Shingo lifted Gargano up in a Death Valley Drive and Gargano flailed his legs in the direction of referee Brandon Tolle. What appeared to be your run-of-the-mill pro wrestling referee ref bump, ended up being… well, nothing. Tolle just popped right back up, Gargano’s foot may have grazed him but not enough to lay him out for a comically long time like most ref bumps. Did Johnny do it on purpose? Surely he wouldn’t have.

The match continued.

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Gargano finally in control hit a series of moves and his patented Gargano Escape submission. 13th defense, over and done with.

Or not.

Shingo got to the ropes. Gargano had done everything in his arsenal, he had survived the 33-minute assault from Shingo and got him in the middle of the ring with his submission. That should have been it. But it wasn’t. The action continued.

With Gargano holding onto the top rope, Shingo walked up behind Gargano presumably to set up for another soul-crushing move. Gargano reared back for an elbow and another. Tolle walked over to break up the action, Gargano looked behind his back, noticed Tolle and reared back for a huge elbow that clocked Tolle and sent him to the ground.

Gargano for a brief moment appears to walk in Tolle’s direction, presumably to check on the fallen official, Shingo stops a moment to surmise the situation.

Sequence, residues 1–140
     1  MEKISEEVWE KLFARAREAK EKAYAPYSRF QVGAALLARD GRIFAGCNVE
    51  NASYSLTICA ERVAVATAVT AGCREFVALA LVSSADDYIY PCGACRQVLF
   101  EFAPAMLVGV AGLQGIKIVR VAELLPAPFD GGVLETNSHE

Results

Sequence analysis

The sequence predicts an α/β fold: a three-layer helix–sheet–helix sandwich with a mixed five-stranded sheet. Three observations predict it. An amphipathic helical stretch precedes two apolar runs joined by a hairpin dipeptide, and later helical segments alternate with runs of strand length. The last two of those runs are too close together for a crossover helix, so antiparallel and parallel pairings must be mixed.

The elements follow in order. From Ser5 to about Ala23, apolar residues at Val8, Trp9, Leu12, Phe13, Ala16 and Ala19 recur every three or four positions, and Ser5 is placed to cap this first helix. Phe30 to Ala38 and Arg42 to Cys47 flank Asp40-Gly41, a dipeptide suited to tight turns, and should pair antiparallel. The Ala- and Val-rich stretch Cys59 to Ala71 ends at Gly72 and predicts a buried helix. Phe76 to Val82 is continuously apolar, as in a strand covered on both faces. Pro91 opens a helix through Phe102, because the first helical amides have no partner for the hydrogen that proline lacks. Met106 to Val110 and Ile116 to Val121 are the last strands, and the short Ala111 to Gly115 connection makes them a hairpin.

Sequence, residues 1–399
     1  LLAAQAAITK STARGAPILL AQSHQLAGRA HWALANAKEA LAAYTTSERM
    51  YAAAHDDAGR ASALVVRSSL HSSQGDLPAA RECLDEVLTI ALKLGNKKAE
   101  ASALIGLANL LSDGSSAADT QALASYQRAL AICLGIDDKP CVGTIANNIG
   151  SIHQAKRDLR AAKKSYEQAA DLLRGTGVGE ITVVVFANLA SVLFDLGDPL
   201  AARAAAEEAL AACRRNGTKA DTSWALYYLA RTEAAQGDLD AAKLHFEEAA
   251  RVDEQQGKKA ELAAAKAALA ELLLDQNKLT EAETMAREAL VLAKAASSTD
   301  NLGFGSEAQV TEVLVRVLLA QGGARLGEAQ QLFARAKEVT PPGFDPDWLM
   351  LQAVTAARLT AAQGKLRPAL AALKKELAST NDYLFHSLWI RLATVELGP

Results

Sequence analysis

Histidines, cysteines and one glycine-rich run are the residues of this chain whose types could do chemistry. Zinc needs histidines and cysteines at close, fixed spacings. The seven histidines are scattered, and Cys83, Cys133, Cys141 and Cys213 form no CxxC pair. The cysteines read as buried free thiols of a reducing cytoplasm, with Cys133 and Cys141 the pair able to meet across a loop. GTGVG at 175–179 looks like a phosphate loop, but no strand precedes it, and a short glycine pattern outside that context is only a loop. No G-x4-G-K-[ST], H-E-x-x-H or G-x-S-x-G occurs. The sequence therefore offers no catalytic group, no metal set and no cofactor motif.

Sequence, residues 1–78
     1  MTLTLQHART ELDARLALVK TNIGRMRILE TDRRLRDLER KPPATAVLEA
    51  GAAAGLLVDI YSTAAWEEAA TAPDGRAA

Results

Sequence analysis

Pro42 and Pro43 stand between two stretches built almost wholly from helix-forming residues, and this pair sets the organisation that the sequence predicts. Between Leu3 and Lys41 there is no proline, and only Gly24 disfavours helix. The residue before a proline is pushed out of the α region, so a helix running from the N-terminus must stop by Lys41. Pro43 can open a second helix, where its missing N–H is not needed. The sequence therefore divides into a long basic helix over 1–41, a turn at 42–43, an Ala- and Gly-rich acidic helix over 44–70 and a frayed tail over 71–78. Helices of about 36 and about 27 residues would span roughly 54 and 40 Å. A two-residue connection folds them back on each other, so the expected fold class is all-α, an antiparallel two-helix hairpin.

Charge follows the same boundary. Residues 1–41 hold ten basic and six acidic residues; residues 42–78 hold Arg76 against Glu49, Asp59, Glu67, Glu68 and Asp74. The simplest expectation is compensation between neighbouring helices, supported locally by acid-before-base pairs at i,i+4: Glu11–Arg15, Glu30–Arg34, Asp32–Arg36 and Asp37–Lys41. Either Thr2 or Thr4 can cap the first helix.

It was in this instant: the career of Gargano changed and one of DGUSA’s greatest moments occurred.

Without skipping a beat, Gargano turned to Shingo’s direction and reared back for a huge low blow. With Shingo now on his knees, Gargano unloaded a superkick, reached into his trunks, pulled out the strap in his tights, then proceeded to choke Shingo, lock in his Gargano Escape and hide the tape from the referee.

Tolle’s body came back to life and raised Shingo’s hands one, two, three times.

It was over.

After spending the last 500 days as DGUSA’s face of the company and champion you can believe in, Gargano threw it all away in his most vulnerable moment. When he no longer believed in himself, he stooped to the lowest low.

Shingo vs. Gargano is absolutely incredible. I rewatched it days before I embarked on my very first WrestleMania Weekend in 2019 and it held up then. It held up today and it will hold up forever.

Two of my all-time favorite wrestlers in an absolute war for 33 minutes with a coherent story told from beginning to end, heart-racing kickouts, Shingo being god damn Shingo and this, one of the best heel turns in history.

The Meadowlands Expo Center crowd immediately turned on Gargano. In a stroke of genius, instead of grabbing the microphone and screaming about killing his prey, telling people how evil he is while he strokes his hair and uncurls his mustache, Gargano takes the most infuriating route: business as usual.

Gargano grabs the mic and gives the customary DGUSA sign-off asking the crowd if they enjoyed the show. Gargano thanks them for supporting him and coming to the show, he says he and the rest of the locker room appreciate the love as more and more boos reign down from one of DGUSA’s largest crowds ever.

DGUSA commentator Lenny Leonard does a masterful job asking what is wrong with Gargano and why he’s acting as if nothing happened. The nerve of this guy. How. How can you act like nothing happened? How can you act like you didn’t just throw away years of goodwill in an instant?

It’s frustrating, maddening, irritating and fucking perfect.

There are WrestleMania Weekend matches I may have enjoyed more than this but nothing has been able to recreate the feeling, the buzz and the excitement of watching this match and this masterful heel turn in real-time.